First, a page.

Bravo for New York Times columnist Nicholas Kristof, who calls today for DDT to be sprayed in malaria-ravaged countries. Here’s the intro:
If the U.S. wants to help people in tsunami-hit countries like Sri Lanka and Indonesia – not to mention other poor countries in Africa – there’s one step that would cost us nothing and would save hundreds of thousands of lives.
It would be to allow DDT in malaria-ravaged countries.
I’m thrilled that we’re pouring hundreds of millions of dollars into the relief effort, but the tsunami was only a blip in third-world mortality. Mosquitoes kill 20 times more people each year than the tsunami did, and in the long war between humans and mosquitoes it looks as if mosquitoes are winning.
One reason is that the U.S. and other rich countries are siding with the mosquitoes against the world’s poor – by opposing the use of DDT.
“It’s a colossal tragedy,” says Donald Roberts, a professor of tropical public health at Uniformed Services University of the Health Sciences. “And it’s embroiled in environmental politics and incompetent bureaucracies…”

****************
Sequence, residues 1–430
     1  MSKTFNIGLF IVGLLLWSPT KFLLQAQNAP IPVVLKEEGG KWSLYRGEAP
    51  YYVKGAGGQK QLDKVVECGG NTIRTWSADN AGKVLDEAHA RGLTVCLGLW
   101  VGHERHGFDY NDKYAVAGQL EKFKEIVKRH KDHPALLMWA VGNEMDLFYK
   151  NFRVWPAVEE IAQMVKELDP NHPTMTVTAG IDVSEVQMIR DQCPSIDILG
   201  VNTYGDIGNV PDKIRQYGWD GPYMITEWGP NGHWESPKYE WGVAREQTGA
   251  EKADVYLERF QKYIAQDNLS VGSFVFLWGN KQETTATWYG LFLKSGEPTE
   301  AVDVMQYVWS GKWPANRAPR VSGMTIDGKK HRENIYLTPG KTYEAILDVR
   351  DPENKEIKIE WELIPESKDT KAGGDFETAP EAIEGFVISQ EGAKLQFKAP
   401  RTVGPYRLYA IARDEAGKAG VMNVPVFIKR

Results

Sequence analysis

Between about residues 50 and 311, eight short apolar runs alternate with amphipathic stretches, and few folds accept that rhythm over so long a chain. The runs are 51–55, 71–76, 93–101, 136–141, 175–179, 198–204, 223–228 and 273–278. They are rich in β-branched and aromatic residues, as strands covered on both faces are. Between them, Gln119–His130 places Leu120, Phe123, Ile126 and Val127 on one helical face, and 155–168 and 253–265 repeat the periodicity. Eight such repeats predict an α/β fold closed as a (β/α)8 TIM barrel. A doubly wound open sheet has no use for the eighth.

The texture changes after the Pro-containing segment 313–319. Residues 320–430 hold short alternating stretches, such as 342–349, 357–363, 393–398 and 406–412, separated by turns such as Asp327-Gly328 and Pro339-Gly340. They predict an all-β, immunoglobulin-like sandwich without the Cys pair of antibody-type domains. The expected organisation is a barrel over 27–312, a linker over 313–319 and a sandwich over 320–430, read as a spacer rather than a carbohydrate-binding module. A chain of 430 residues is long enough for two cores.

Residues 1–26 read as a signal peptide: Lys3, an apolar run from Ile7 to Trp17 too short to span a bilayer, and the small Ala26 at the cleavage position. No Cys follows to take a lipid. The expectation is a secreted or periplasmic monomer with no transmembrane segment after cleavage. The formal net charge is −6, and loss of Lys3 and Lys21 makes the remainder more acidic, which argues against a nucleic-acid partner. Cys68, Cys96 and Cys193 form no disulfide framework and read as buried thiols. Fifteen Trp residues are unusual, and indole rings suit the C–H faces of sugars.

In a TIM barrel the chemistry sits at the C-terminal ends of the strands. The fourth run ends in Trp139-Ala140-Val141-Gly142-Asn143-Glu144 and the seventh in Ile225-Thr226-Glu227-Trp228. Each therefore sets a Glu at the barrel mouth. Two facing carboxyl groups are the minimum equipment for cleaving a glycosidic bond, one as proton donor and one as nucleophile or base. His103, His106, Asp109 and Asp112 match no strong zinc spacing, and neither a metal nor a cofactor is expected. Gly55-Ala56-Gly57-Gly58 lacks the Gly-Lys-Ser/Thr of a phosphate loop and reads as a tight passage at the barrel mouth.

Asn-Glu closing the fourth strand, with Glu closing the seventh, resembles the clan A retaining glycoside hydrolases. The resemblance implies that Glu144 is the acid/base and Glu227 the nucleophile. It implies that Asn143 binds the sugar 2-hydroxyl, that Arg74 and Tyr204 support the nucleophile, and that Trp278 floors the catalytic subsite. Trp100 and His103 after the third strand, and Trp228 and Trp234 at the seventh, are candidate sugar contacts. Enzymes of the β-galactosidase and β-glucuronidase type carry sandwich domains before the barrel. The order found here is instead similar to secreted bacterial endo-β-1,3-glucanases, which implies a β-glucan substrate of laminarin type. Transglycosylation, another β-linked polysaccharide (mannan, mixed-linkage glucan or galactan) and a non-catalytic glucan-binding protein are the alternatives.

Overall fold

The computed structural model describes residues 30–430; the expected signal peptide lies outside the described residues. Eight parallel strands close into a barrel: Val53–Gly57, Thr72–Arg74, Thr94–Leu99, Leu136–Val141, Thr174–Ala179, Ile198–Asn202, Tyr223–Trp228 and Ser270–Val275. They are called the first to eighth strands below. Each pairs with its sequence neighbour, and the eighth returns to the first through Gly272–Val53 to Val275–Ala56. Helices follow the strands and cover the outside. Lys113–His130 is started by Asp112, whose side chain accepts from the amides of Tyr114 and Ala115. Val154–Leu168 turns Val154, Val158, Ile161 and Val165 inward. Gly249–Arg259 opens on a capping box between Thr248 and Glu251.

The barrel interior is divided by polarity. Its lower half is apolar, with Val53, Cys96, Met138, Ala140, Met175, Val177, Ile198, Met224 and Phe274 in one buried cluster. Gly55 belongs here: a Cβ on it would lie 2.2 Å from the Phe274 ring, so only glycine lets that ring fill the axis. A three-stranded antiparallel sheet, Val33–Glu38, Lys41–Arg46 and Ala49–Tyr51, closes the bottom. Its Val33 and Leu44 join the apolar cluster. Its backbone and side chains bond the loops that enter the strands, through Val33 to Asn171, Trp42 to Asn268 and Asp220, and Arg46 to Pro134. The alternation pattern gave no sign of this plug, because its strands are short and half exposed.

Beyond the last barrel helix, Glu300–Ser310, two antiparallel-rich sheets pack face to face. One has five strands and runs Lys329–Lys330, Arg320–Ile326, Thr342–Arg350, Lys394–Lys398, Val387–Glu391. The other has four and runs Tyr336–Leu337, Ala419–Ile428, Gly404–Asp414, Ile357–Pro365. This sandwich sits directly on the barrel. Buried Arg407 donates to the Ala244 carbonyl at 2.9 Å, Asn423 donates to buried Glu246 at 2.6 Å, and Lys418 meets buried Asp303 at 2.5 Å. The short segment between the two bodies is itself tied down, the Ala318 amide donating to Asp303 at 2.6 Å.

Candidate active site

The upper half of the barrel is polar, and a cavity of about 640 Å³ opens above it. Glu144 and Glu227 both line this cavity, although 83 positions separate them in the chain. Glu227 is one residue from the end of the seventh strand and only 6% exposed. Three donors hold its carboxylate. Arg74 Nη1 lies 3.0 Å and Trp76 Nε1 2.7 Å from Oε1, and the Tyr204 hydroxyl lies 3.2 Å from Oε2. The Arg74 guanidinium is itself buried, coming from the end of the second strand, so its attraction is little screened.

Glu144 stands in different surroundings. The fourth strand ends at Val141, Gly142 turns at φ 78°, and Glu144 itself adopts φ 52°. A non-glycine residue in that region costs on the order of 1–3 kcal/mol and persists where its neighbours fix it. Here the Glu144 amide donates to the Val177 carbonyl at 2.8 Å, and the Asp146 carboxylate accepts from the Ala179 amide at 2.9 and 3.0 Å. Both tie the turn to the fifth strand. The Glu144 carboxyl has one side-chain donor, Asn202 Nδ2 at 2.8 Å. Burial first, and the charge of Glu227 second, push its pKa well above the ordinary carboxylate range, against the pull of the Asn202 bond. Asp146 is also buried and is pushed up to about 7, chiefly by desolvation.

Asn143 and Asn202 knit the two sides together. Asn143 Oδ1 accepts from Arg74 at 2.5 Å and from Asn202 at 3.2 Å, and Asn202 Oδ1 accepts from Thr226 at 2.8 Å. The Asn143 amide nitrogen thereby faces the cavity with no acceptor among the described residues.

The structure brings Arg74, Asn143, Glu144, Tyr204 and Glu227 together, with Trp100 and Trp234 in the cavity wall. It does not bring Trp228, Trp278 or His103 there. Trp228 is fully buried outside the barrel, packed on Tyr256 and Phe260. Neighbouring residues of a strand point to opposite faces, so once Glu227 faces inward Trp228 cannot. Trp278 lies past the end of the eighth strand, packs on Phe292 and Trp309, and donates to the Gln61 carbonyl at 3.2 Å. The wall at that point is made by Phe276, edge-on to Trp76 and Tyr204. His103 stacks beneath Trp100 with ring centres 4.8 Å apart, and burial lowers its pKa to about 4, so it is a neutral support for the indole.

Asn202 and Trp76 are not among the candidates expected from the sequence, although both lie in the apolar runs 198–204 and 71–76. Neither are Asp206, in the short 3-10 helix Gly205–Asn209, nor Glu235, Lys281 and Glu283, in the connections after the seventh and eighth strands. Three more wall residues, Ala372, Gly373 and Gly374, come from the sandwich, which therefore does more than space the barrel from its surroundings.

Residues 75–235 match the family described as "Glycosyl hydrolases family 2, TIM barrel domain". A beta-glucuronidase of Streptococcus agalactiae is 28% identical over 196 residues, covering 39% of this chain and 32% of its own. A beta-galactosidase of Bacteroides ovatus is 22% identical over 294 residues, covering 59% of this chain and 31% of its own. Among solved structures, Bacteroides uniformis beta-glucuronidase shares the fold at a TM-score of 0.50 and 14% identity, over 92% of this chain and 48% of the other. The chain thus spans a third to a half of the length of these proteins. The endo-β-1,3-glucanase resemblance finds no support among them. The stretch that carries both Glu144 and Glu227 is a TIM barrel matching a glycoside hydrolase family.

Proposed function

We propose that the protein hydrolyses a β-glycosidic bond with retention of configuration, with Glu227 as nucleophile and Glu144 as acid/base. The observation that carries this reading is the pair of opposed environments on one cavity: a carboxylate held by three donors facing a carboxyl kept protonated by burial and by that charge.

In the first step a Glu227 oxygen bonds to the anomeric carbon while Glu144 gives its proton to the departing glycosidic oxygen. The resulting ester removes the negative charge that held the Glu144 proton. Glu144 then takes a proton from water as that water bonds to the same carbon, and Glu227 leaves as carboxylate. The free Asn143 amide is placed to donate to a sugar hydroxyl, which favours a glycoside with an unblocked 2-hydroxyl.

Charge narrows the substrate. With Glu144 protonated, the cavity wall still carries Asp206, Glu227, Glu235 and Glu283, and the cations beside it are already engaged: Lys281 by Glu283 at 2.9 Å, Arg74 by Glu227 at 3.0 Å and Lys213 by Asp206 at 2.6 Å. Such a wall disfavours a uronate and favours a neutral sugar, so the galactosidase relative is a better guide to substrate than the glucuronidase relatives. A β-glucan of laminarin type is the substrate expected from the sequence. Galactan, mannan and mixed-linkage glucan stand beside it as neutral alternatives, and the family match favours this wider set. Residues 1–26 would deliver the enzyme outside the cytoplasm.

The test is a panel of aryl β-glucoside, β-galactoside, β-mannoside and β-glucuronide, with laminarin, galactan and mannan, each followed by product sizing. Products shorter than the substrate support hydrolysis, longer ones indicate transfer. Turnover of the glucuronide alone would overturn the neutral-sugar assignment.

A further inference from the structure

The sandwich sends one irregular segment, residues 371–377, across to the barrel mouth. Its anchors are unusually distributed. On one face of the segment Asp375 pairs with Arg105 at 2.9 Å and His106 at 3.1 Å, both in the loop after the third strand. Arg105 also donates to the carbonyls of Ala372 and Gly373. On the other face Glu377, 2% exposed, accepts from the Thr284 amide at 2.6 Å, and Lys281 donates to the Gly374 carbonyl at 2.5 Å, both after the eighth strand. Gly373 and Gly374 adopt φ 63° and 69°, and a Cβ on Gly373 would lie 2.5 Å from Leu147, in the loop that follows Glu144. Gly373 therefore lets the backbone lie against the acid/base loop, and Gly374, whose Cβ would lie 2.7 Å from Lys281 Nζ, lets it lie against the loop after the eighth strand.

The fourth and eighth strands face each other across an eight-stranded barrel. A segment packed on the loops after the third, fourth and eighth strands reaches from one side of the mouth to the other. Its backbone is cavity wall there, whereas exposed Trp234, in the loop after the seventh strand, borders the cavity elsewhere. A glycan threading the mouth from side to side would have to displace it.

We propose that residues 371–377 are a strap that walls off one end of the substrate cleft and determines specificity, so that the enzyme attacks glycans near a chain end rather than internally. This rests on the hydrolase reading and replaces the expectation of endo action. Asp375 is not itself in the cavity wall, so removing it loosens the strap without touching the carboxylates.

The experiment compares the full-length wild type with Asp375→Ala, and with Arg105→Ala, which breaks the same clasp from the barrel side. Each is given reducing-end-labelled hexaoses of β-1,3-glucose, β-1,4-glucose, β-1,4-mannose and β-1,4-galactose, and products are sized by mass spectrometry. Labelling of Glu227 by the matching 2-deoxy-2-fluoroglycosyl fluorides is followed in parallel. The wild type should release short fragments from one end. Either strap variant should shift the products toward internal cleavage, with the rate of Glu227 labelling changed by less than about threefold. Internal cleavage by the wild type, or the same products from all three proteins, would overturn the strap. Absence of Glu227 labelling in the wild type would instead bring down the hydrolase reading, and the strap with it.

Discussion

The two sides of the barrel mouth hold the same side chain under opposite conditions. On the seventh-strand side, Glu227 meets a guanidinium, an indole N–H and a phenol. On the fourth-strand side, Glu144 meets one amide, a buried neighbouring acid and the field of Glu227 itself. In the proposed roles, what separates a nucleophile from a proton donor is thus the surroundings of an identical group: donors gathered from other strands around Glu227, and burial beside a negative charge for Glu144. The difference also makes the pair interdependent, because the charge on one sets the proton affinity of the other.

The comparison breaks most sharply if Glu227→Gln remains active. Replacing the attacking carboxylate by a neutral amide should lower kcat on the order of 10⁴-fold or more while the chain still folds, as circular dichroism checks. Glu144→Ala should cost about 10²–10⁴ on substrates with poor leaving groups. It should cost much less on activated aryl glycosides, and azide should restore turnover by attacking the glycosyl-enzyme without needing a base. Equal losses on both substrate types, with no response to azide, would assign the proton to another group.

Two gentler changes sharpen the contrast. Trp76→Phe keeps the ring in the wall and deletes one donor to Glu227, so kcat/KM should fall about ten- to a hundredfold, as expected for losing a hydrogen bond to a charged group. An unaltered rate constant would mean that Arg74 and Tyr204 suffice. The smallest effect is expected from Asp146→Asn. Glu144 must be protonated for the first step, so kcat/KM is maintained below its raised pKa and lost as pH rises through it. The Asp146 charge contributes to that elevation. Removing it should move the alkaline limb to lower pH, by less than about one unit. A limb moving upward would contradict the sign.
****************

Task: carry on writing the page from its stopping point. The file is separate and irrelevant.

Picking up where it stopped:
Science journalist Mike Fumento, among many other rational, anti-junk science researchers on the opposite side of the aisle, has been arguing this for years. Fumento reported in a piece five days before Kristof’s article was published:
Malaria and dengue fever, both carried by mosquitoes, are already endemic in many of the affected areas and disease levels could dramatically increase as they breed in the countless pools of stagnant water left behind by the waves. Mosquitoes that carry malaria come out at night, those that carry dengue by day. They thus kill around the clock.
Draining the pools would be terribly laborious, especially since mosquitoes can breed in nothing more than a footprint. The best answer would be spraying with DDT. Unfortunately, environmentalists have demonized DDT based essentially on unfounded accusations in a 1962 book, Silent Spring.
Yet notes Paul Driessen, author of Eco-Imperialism and senior policy adviser to the Congress of Racial Equality, “DDT is not only probably the most effective mosquito killer on earth, it’s also been tested for literally decades and has never been shown to harm people.” It’s questionable whether it even has any impact on the environment. There are other insecticides available, Driessen observes, but “they don’t have the repellency of DDT and a single DDT spraying lasts six months.”
He says DDT should be sprayed on water pools, tents, and on people themselvesblog comments powered by Disqus~ For the latest breaking news, be sure to join Michelle's Email List:Posted in: Uncategorized
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